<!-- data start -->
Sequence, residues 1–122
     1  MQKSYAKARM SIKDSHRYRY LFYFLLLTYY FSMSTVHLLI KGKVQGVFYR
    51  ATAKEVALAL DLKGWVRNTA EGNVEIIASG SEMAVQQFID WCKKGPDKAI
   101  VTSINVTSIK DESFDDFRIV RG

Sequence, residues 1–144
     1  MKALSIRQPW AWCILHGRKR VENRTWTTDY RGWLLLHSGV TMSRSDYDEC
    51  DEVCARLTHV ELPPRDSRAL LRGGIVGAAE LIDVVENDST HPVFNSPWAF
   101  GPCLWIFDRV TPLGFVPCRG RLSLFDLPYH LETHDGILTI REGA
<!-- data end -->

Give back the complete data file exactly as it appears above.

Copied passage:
Sequence, residues 1–122
     1  MQKSYAKARM SIKDSHRYRY LFYFLLLTYY FSMSTVHLLI KGKVQGVFYR
    51  ATAKEVALAL DLKGWVRNTA EGNVEIIASG SEMAVQQFID WCKKGPDKAI
   101  VTSINVTSIK DESFDDFRIV RG

Sequence, residues 1–144
     1  MKALSIRQPW AWCILHGRKR VENRTWTTDY RGWLLLHSGV TMSRSDYDEC
    51  DEVCARLTHV ELPPRDSRAL LRGGIVGAAE LIDVVENDST HPVFNSPWAF
   101  GPCLWIFDRV TPLGFVPCRG RLSLFDLPYH LETHDGILTI REGA